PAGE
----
Ohio Idols for Independence

A guest post today. It really speaks for itself.  If you have a moment, we appreciate your time. Thanks.

Hi! I’m writing to invite you, your family and friends to the first annual Ohio Idols for Independence benefit concert. Our goal is to raise thousands of dollars to help kids with cerebral palsy find their voice at home, at school and in their communities.

This event is close to my heart because my daughter, Adriana, lives with cerebral palsy. While she falls on the severe end of CP, the amazing advancements in technology have given her the gift of independent mobility and communication.

I believe when kids with CP find their voice, regardless of physical ability, they experience true independence. Some kids find their voice through music, sports or dance. Other kids, like Adriana, need specialized care and equipment to find their voice. And as many of you know, these things are expensive. Proceeds from the event go to The MJB Foundation to provide funding for children so they get the specialized care, equipment and services they need just to be a kid.

Please join us in helping kids with CP by purchasing your tickets TODAY! Tickets are just $16 and they are available online at www.ohio-idol.com. You can also purchase tickets directly through me by writing a check to The MJB Foundation for the number of tickets you want. Just send me an email and I’ll bring them to you.

If you have any questions, you can email me or call me at 614-309-0799. For information about The MJB Foundation visit www.mjbfoundation.org.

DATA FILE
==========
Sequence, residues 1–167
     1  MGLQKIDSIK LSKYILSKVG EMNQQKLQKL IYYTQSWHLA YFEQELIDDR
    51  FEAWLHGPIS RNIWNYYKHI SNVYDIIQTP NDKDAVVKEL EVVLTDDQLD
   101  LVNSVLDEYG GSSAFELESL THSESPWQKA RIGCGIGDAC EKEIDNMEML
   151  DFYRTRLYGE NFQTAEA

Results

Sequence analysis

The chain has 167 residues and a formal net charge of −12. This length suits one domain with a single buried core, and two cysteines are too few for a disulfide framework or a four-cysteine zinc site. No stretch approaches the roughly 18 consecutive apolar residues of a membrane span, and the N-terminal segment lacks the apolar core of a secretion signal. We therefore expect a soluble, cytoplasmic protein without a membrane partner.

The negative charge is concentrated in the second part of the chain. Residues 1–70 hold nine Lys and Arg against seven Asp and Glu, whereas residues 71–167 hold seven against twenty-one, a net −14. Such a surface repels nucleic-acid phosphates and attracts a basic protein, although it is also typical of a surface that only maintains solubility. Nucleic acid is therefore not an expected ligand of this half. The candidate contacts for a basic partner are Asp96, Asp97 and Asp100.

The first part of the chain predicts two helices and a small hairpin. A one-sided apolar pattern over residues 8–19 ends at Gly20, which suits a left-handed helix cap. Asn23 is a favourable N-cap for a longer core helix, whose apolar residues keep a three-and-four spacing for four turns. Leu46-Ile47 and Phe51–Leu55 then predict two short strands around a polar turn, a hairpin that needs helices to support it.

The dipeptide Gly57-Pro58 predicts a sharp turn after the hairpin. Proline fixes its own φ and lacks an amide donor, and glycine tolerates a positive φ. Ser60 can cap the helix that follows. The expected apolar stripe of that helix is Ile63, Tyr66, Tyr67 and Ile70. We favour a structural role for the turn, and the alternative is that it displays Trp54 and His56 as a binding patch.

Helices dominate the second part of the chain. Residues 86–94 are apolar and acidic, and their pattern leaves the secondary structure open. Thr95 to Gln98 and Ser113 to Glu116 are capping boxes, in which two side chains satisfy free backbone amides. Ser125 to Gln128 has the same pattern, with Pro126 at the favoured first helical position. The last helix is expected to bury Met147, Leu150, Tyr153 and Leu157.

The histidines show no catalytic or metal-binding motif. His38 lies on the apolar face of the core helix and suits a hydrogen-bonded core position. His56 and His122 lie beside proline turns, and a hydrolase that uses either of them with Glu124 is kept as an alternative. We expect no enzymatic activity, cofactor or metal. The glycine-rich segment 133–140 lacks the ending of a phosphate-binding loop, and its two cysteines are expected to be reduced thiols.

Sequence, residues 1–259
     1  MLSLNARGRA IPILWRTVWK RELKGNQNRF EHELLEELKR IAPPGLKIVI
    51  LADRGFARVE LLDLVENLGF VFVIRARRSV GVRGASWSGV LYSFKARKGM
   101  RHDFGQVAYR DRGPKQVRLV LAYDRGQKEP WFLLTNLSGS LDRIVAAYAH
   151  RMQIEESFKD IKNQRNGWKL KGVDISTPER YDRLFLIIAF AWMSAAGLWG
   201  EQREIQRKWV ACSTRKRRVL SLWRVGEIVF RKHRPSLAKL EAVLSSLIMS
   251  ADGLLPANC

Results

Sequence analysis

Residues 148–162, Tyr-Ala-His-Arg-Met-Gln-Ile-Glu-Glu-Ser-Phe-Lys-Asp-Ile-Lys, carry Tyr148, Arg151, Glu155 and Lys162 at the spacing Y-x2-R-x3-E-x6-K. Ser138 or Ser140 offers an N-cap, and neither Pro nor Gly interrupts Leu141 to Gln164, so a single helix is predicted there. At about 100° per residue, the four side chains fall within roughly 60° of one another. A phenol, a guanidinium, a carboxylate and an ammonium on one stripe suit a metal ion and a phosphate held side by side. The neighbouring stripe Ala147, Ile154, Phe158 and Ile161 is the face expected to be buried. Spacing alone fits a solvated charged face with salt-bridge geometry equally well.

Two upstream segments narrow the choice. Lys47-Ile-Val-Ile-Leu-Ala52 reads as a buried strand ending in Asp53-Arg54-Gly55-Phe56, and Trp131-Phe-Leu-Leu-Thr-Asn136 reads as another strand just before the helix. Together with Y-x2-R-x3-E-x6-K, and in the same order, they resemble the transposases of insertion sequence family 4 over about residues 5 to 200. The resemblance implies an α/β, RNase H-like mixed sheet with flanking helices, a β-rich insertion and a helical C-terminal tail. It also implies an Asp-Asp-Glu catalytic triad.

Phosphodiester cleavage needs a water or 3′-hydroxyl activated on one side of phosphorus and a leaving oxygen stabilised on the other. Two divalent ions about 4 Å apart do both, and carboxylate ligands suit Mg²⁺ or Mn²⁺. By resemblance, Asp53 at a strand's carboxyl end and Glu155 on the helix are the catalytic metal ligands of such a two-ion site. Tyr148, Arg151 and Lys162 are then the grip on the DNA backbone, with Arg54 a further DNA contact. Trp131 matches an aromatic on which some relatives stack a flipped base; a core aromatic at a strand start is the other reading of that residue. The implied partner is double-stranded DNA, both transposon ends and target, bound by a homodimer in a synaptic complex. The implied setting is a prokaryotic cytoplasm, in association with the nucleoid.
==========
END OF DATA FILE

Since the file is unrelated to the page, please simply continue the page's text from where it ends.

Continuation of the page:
Thank you!

Patty Lyons

Patty Lyons
Parent & Chapter Leader
CP Parent Columbus, A Family Resource Group for Cerebral Palsy
Reaching For The Stars Central Ohio Chapter
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Never eat when you're angry

Ordinarily things like this just roll off my back, but today... Here's the story -

I went into a local eating establishment for lunch / dinner. (What do you call it when it's 4:00 p.m.?)

I was greeted with a hearty welcome to... Okay, no I wasn't, but I usually am.

A nice young lady came to the counter and asked me what I would like.

I'll have a.. "Um, excuse me," a voice interrupted from the side. "Can you tell me..."

The nice young lady went to answer that query.

Another young man came to the counter. "What can I get you sir?"

I would like a..."Um, can I get some water..." another voice interrupted... and the young man was gone.

Deep breath Jimmer. "Does somebody want to help me?"

The young man returned. "I'm sorry sir, what did you say?"

I said, "Does somebody want to help me?"

I just went to give that girl a cup. What, you having a bad day or something?

Insert screeching tire noise here. Did anybody else see that needle come off that record?

I couldn't help myself. "Forget it!" I snapped. I told the guy behind me to go ahead. To his credit, he just stood there and watched.

What sir?

I wheeled around - "She asked me what I wanted and then went to help that person. You asked me what I wanted and then went to help that other person. I.AM.STANDING.RIGHT.HERE...IN.LINE!!!!!!!!!!!!!!"

"Um, do you still want your sandwich?"

I did. I was hungry, and I have a long night ahead of me.

He hustled to finish making my sandwich, the transaction ended. He chopped $.50 off the price of my sandwich and offered me a free drink which I declined.

I then learned an entirely new lesson.